3. Cash flow forecasting. Cash flows ( cash flow), should be predicted and not profit on fixed time intervals (steps). The main principle underlying this rule is "live" money, not "paper"; profit. Therefore, it is necessary to take into account the effects of freezing profits in stocks, accounts receivable. In case of problems in VAT offset, this influence on cash flows and the need for additional capital raising should also be taken into account. In cash flows, it is advisable to allocate: operational, investment (associated with the formation of assets) and financial (related to the attraction of capital and settlements with investors). Net cash flow ( net cash flow, NCF) is the difference between the receipt of money for the period from operating activities and outflows, i.e. it is equal to the operating cash flow ( OCF). The investment project analyst rarely uses free cash flow (FCF), , which is very popular in valuation activities and in value terms analysis of the company. The reason is a more attentive attitude to risk and introduction of various discount rates for operating and investment flows. FCF - the difference between OCF and investment outflows. Often the forecast of operating cash flow is based on the forecast operating profit. The analytical indicator, close to the operating profit (profit on sales) by financial reporting standards, is EBIT (earning before interest and tax).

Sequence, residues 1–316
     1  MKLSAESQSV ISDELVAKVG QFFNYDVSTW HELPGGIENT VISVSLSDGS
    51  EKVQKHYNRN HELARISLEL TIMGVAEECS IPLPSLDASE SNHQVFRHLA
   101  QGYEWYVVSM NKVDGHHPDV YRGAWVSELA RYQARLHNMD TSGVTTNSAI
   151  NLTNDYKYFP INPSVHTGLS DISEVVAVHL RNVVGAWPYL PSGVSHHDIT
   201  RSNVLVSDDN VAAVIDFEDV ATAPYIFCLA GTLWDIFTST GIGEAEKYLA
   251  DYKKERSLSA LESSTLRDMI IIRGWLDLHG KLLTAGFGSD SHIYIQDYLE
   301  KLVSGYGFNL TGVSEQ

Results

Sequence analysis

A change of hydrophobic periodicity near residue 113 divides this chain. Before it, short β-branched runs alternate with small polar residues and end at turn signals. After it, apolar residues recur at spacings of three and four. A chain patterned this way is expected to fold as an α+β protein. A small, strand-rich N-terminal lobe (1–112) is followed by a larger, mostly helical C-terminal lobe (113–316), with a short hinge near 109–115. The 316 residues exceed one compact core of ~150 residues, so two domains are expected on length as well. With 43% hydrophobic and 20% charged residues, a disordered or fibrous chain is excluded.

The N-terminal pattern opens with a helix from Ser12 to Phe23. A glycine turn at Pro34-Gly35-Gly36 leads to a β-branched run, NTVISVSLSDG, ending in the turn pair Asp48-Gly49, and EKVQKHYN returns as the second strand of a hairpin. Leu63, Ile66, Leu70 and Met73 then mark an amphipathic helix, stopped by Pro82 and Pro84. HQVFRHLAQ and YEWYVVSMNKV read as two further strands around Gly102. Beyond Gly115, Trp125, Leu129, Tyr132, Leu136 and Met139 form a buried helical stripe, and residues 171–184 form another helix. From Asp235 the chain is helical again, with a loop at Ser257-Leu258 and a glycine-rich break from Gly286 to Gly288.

Operating cash flow for the year = Operating profit for the year - Income tax + Amortization for the year - Growth for the year of accounts receivable - Growth for the year of inventories and three articles + Growth of accounts payable.